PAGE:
3. The Third Noble Truth is, the truth of the end of suffering, has a dual meaning, suggesting either the end of suffering in this life on earth, or in the spiritual life, is through achieving Nirvana. When a Buddhist has achieved Nirvana, which is a state free from suffering and is a worldly cycle of birth and rebirth it means spiritual enlightenment has been reached.
4. The Fourth Noble truth charts the method for attaining the end of suffering, known to Buddhists as the Noble Eightfold Path. This is the cure to the sufferings, it helps overcome and achieve good actions through the steps of meditation, indicating them to the steps of the Noble Eightfold Path are Right Understanding, Right Thought, Right Speech, Right Action, Right Livelihood, Right Effort, Right Mindfulness and Right Concentration.
The Marks Of Existence In Buddhism, the three marks of existence are three characteristics of the people. These characteristics are:
– Anicca (Impermanence)
– Duhkka (Suffering)
– Anatta (Not self)
Anicca: is that all living and non-living things are in a constant state of change and non-permanent on this earth. Buddhism states that everything comes into being then go away. Human life demonstrates this change such as the aging process, the cycle of repeated birth and death, nothing lasts, and everything decays.
Dukkha: meaning dissatisfaction, suffering and pain. The dukkha includes the physical and mental sufferings that follows each rebirth, aging, illness, dying. Dissatisfaction is from getting what a person wishes to avoid such as a desired.
Anatta: In Buddhism, the term anatta refers to the heading of “non-self” saying that there is no unchanging, permanent self, soul or essence in human beings.
Karma and Samsara
Karma is a Sanskrit term that literally means “action” or “doing”. In the Buddhist tradition, karma refers to deed done deliberately through body, speech or mind driven by intention which leads to future consequences. It is the Buddhist version of the law of cause and effect. It teaches that whatever you do in life is what you add up to your next.
Each day gives people the opportunity to change their behaviour, with the chance to do good or bad.
In Buddhism, whatever you did in this life will affect what you become in your next life. In this way, the cycle of Samsara is driven by the law of karma.
Nirvana is a place of perfect peace and happiness, like heaven, where Karma and Samsara no longer exist. Nirvana is the highest state that someone can attain, a state of enlightenment, meaning a person’s individual desires and suffering go away.
Sacred Text and Writings
For Buddhists, sacred texts are the most important source of authority. They contain teachings of the Buddha on how to reach enlightenment.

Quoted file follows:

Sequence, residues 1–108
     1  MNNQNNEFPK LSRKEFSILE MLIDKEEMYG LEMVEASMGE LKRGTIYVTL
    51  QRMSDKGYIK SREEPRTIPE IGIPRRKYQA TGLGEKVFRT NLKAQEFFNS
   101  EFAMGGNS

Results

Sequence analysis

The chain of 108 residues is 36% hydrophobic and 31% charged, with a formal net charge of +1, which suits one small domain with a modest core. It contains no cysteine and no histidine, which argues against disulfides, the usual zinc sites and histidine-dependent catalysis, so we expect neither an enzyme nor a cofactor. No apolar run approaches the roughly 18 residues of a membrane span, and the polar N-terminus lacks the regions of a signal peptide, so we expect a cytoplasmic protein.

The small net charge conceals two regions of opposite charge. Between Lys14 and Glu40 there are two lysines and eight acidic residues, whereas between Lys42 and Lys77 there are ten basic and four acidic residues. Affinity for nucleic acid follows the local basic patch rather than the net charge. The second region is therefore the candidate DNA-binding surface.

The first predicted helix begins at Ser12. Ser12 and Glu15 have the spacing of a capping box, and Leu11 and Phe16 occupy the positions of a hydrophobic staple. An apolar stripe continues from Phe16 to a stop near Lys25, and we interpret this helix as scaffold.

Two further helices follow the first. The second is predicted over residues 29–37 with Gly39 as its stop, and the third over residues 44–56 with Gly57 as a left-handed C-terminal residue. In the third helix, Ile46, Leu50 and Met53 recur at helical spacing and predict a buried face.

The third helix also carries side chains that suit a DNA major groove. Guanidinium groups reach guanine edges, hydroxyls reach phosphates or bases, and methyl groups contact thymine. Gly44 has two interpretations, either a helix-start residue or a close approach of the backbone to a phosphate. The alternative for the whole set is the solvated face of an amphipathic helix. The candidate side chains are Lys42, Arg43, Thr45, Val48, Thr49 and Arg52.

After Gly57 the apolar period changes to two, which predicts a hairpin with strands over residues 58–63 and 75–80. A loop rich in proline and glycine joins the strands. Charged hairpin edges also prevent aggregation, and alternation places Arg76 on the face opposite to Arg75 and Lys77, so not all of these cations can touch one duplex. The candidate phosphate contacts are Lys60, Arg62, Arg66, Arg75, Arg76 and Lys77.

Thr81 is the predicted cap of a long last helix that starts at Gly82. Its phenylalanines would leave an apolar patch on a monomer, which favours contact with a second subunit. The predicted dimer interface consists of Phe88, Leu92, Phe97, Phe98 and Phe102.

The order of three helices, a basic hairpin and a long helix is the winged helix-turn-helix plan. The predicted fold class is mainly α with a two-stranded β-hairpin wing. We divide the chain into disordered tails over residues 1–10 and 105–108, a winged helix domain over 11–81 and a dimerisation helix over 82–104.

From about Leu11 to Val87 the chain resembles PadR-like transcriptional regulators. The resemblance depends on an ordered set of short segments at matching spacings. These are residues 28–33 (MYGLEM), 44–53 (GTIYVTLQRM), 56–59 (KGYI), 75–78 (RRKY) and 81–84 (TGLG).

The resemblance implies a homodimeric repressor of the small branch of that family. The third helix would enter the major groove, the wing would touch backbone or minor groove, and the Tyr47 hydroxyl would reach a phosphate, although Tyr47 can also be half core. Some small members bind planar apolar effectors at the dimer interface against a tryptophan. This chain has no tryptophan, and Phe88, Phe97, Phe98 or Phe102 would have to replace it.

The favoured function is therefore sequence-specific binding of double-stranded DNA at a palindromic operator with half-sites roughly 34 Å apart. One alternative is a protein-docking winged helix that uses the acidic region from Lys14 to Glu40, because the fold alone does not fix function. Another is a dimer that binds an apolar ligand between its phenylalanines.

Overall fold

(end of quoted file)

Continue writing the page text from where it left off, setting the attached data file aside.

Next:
The teachings of Buddhism, the words of the Buddha and the basis for the teachings of the monks, can be found in the sacred texts which are known collectively as the Tripitaka. The Tripitaka is the earliest collection of Buddhist writings.
At first they were composed orally, but were written down by the 3rd century B.C.E. The word means “the three baskets”, refers to the way the texts were first recorded. The early writing material was long, narrow leaves, which were sewn together on one side. Bunches of these were then stored in baskets. This is a large collection, running 45 volumes in one modern edition.
Lotus Of The Good Law The Lotus of the good law tells of the wonderful powers of the divine Buddha. Invites everyone to become divine with Buddha through the help of the Bodhisattvas. It is made up of 28 chapters and speaks about the powers of the Bodhisattvas. Important in Japan as it is an essential elaboration of the means of achieving enlightenment.
Tibetan Book Of The Dead The Tibetan Book of the Dead is the Tibetan Buddhist text that is most well-known to the West. Written by a Tibetan monk, the Book of the Dead describes in detail the stages of death from the Tibetan point of view. It is intended to guide a person through the experiences that the consciousness has after death, In the bardo and the interval between death and the next rebirth.
Core Ethical Teachings
The Five Precepts All Buddhists live by the Five Moral Precepts which are refraining from:
1. harming living things.
2. taking what is not given.
3. sexual misconduct.
4. lying or gossip.
5. taking intoxicating substances, example drugs or drink.
Therefore, on celebration days Buddhists will often eat vegetarian food and will not drink alcohol. Gifts will be simple, especially those given to monks. Monks in particular will not dress up, and people will not eat to excess.
The Vinaya At the heart of the Vinaya is a set of rules it was orally passed down from the Buddha to his disciples. The Vinaya is a set of disciplinary precepts for monks and nuns to refrain from worldly affairs such as cussing, drinking alcohol, sexual activity, and more. It plays a pivotal role in leading a monastic community and therefore constitutes a purpose of having these rules.
The history of Buddhism is the story of one man’s spiritual journey to Enlightenment, and of the teachings and ways of living that developed from it and now as a religion has 400 million adherents. Principle beliefs, sacred texts and writings, and core ethical teachings link in together to in an ethical way to shape meaning for the adherents. They are all important aspects of providing Buddhism with a model for life. The teachings of the Buddha are exceedingly vast and very profound.